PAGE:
The complaint specifically alleges that the nomination committee for the Best Jazz Vocal album included an artist later nominated for the award, that a total of 30 artists not selected by the voting membership were added to possible nomination lists, and that an artist who “initially ranked 18 out of 20 in the 2019 ‘Song of the Year’ category” was ultimately nominated that same year. Dugan states that this same artist was allowed to sit on the Song of the Year nomination committee and that this artist is represented by a member of the board of trustees.
Legal Conflicts of Interest
According to the complaint, the Academy routinely pays large legal fees to attorneys who are “extremely conflicted with respect to their work for the Academy.” The complaint details $250,000 yearly retainer fees and several other payments to Katz, and an equivalent yearly retainer to Chuck Ortner, both current members of the Grammy Museum Board of Directors. Both Katz and Ortner also represent individual board of trustees members, recording artists, and “other entities and individuals in the music industry with personal interests in decision making at the Academy,” according to the complaint, leaving them in “unique and conflicted positions to curry unwarranted favor from the board” and to unfairly influence nominations.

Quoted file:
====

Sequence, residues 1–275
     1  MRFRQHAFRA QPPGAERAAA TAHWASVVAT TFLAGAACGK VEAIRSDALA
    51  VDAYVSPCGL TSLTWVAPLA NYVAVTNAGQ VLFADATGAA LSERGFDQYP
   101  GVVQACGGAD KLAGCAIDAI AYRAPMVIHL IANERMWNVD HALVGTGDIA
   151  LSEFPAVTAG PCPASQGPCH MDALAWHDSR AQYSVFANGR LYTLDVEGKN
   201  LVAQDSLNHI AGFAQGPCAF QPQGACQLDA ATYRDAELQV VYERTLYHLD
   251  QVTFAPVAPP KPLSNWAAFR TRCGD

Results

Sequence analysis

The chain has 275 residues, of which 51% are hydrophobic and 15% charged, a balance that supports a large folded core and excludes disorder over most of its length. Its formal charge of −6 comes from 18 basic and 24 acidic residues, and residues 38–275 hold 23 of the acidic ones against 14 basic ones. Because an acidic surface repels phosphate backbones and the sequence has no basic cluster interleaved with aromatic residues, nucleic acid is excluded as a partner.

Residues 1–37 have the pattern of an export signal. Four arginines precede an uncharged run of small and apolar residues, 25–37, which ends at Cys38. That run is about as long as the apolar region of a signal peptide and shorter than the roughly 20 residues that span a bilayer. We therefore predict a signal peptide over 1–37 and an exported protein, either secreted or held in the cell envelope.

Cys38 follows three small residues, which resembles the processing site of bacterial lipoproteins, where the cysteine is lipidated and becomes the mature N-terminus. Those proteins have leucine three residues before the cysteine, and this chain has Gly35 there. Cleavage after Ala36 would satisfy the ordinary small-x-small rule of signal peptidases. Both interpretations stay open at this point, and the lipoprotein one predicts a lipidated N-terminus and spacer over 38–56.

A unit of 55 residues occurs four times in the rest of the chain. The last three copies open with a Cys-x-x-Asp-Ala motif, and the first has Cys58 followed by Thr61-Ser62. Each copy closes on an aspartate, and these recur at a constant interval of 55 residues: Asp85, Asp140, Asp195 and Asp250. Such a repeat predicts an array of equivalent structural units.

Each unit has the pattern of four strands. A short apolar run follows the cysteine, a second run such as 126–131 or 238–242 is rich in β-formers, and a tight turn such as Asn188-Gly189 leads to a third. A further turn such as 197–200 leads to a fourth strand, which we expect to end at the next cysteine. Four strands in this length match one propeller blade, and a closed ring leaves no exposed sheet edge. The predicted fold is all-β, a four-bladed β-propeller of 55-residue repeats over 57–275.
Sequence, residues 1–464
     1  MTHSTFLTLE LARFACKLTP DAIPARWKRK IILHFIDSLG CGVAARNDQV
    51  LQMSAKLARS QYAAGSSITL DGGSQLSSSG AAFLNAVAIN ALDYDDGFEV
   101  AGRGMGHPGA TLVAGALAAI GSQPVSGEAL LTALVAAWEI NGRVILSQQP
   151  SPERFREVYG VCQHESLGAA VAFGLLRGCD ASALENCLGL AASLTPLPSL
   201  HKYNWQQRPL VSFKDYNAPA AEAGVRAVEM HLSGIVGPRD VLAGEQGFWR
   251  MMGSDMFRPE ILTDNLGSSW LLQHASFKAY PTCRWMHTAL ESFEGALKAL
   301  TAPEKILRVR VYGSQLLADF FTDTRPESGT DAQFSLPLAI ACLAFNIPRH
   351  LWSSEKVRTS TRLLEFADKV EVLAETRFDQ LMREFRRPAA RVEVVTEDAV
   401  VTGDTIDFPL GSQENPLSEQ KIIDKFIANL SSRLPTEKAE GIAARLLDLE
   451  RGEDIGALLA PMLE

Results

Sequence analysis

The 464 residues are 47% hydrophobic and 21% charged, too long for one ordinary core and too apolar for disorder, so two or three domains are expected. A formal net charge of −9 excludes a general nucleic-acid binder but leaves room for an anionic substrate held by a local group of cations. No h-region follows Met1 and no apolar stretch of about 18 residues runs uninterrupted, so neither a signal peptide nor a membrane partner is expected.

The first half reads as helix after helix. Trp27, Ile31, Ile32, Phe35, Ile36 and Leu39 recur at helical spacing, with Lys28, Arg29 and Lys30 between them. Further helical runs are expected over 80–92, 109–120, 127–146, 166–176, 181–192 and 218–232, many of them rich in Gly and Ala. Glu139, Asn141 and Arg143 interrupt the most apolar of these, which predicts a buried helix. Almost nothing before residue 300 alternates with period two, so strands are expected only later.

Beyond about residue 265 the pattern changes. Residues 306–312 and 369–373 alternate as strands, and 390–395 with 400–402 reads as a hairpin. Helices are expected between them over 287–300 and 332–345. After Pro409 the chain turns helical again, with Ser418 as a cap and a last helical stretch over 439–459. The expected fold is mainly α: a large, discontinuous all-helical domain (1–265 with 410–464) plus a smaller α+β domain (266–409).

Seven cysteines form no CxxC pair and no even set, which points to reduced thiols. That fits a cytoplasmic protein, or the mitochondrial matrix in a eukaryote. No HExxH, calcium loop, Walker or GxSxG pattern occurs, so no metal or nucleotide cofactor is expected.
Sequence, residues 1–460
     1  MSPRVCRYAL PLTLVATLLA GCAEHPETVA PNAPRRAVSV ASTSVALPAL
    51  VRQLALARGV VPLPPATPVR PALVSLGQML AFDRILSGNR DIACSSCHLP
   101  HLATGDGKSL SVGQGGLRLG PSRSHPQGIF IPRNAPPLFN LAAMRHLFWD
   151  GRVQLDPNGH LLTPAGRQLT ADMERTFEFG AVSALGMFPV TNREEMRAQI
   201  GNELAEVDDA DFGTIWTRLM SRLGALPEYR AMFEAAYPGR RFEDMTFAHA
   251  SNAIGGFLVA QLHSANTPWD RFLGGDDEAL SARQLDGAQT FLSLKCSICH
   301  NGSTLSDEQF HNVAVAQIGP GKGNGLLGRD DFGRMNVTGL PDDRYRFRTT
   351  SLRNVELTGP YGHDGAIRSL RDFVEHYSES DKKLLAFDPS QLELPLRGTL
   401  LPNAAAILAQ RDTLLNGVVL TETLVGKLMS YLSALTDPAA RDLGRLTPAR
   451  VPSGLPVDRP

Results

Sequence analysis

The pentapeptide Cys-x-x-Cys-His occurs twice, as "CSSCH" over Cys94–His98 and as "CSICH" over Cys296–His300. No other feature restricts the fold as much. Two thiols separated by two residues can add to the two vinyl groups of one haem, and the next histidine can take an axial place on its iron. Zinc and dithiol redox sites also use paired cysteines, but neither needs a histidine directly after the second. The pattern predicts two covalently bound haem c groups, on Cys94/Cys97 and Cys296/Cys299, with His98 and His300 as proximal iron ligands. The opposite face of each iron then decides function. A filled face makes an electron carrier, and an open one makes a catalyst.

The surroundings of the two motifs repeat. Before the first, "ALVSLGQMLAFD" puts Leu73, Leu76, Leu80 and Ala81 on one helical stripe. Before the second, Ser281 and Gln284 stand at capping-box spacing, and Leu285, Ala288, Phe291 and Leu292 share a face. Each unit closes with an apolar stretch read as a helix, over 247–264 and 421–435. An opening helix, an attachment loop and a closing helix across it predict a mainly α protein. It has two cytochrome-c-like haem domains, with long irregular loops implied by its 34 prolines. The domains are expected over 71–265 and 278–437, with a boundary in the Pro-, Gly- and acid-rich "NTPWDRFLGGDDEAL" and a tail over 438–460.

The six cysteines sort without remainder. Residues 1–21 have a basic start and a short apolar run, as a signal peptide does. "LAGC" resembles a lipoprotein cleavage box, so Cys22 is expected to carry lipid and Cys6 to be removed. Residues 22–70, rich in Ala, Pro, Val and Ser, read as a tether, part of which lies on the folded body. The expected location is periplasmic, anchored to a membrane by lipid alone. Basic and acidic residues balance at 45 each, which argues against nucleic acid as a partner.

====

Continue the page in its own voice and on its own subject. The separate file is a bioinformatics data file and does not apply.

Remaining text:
“The Little Situation”
According to Dugan, the woman who has accused her of misconduct is Claudine Little, the former executive assistant to Portnow. (The New York Times reported that the allegation came from Little shortly after Dugan’s ouster.) As Dugan says in the complaint, she attempted to continue to work with Little as her executive assistant before it became apparent that she “was not up to the task.” Attempts to find her another job at the organization were apparently fruitless until Little took a leave of absence from the Recording Academy at the end of October 2019, scheduled to return on November 25.